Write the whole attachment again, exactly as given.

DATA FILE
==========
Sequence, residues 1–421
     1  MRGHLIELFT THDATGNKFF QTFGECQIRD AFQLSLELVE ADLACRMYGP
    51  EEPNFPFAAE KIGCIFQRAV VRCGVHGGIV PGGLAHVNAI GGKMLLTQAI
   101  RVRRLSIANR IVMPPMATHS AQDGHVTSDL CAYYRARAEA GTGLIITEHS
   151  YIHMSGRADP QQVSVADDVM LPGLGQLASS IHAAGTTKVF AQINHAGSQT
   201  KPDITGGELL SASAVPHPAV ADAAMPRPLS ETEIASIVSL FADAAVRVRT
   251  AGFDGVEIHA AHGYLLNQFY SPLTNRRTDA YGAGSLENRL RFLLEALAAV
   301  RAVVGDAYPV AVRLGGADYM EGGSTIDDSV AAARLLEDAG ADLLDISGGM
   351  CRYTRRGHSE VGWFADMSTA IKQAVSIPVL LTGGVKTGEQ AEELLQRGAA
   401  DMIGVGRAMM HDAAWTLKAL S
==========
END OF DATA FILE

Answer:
Sequence, residues 1–421
     1  MRGHLIELFT THDATGNKFF QTFGECQIRD AFQLSLELVE ADLACRMYGP
    51  EEPNFPFAAE KIGCIFQRAV VRCGVHGGIV PGGLAHVNAI GGKMLLTQAI
   101  RVRRLSIANR IVMPPMATHS AQDGHVTSDL CAYYRARAEA GTGLIITEHS
   151  YIHMSGRADP QQVSVADDVM LPGLGQLASS IHAAGTTKVF AQINHAGSQT
   201  KPDITGGELL SASAVPHPAV ADAAMPRPLS ETEIASIVSL FADAAVRVRT
   251  AGFDGVEIHA AHGYLLNQFY SPLTNRRTDA YGAGSLENRL RFLLEALAAV
   301  RAVVGDAYPV AVRLGGADYM EGGSTIDDSV AAARLLEDAG ADLLDISGGM
   351  CRYTRRGHSE VGWFADMSTA IKQAVSIPVL LTGGVKTGEQ AEELLQRGAA
   401  DMIGVGRAMM HDAAWTLKAL S